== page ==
People will exchange more than 100 million roses and more than a billion Valentine's Day cards on this day dedicate to love.
But if you're looking for something a little different to do this year, unlike the chocolates today is famous for, your gift doesn't have to get stuck in a box.
While sweet treats and flowers can be romantic, those who want to show their creativity or sensitivity may be able to learn something from the birds and the bees.
The frustration of buying the perfect valentines day gift may have you thinking that love is for the birds... and it may be.
Jenna Wadley has been working at the Petsmart in Springfield for three years, and she says, "If you separate them [lovebirds], if they've been together a long time, they can actually get sad; they'll get depressed and will eventually not have good health and could die."
But keep these lovebirds together and bring them home- they could teach you a thing or two about romance.
"They kind of squawk at each other, they groom, grooming is a big deal of it, and they just play with toys together and eat together; they do everything together really," says Wadley.
Not wild about having the real thing around?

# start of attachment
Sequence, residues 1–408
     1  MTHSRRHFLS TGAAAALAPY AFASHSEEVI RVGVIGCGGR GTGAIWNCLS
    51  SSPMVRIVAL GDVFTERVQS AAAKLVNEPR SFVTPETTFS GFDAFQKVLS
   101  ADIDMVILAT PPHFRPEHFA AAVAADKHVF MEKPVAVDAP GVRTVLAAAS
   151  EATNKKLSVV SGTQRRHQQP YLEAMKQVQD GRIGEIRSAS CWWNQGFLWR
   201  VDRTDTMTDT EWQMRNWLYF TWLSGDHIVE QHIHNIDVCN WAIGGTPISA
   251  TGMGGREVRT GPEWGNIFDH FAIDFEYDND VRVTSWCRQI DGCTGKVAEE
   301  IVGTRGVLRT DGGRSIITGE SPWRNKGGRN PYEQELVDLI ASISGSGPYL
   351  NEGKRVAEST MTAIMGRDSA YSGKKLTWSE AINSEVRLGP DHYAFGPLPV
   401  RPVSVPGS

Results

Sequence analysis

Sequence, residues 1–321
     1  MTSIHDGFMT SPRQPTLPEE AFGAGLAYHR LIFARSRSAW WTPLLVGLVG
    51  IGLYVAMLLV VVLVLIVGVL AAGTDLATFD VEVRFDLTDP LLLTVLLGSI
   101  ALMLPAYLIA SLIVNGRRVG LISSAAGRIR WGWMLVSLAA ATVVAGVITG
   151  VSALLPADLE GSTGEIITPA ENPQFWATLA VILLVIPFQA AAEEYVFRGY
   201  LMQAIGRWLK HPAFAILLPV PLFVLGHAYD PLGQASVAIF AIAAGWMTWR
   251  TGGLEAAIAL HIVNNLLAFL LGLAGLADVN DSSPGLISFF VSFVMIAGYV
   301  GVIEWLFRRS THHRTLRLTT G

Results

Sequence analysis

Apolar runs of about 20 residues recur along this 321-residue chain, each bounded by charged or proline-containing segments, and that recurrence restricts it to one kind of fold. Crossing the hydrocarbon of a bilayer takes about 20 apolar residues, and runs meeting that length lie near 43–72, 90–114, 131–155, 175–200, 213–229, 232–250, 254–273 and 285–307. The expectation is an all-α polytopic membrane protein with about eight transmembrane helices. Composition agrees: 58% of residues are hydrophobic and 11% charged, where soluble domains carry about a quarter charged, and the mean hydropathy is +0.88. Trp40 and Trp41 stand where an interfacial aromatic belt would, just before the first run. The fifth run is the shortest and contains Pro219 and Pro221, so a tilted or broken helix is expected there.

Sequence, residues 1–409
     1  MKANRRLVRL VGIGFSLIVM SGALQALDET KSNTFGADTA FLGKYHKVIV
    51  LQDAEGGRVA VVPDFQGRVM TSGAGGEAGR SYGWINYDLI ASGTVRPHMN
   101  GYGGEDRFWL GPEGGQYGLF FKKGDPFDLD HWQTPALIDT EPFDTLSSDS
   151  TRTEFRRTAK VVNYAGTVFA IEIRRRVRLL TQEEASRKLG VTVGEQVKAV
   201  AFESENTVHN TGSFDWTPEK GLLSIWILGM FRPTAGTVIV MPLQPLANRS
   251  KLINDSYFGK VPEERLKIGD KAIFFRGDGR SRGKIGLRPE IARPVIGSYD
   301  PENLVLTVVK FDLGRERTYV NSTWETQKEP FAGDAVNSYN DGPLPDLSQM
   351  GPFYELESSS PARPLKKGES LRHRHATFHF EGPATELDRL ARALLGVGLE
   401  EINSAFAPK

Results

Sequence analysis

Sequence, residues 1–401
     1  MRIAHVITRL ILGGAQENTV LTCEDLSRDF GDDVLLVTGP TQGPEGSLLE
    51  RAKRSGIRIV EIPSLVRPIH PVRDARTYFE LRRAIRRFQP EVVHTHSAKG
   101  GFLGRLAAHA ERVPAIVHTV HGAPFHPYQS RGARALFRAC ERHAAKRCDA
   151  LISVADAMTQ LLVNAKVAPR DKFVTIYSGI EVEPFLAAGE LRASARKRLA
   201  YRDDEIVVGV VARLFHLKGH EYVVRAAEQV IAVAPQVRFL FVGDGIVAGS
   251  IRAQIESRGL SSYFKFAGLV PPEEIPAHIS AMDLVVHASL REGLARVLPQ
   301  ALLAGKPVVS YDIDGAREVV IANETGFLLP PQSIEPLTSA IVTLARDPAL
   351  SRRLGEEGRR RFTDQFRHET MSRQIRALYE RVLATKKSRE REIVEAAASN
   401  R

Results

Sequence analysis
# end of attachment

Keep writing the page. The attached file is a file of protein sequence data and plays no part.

You don't have to go far to find a less noisy and more cuddly substitute.
Here in Springfield you can adopt a flamingo at Dickerson Park Zoo.
"We use the animals from our collection as the basis for our adopt an animal program, but obviously it's not an animal you get to take home with you, which is why we're doing the special plush addition; this is something above and beyond what we do with our normal adoption program," says Melinda Arnold with the Zoo.
Still want to paint the town red?
Try being wild at heart at Wonders of Wildlife.
"It's an event that will include a presentation about mating and courtship rituals in the animal world and also the Zoolywed game featuring Springfield celebrity couples," says Arnold.
But if you're still looking for some inspiration, maybe a romantic pair of.... fish?
"They think it's cool whenever they kiss," says Wadley about Kissing Fish.
They may be built for smooching, but these fish are pretty realistic about romance.
"Whenever they're wanting to mate, they could... sometimes aggression is a part of that, so lucky for us that's not normal for us," says Wadley.
Lucky us, we still need to find a present.
You don't necessarily have to have a valentine to show your love.
The American Heart Association says donating to the organization can also give you a good feeling in your own heart.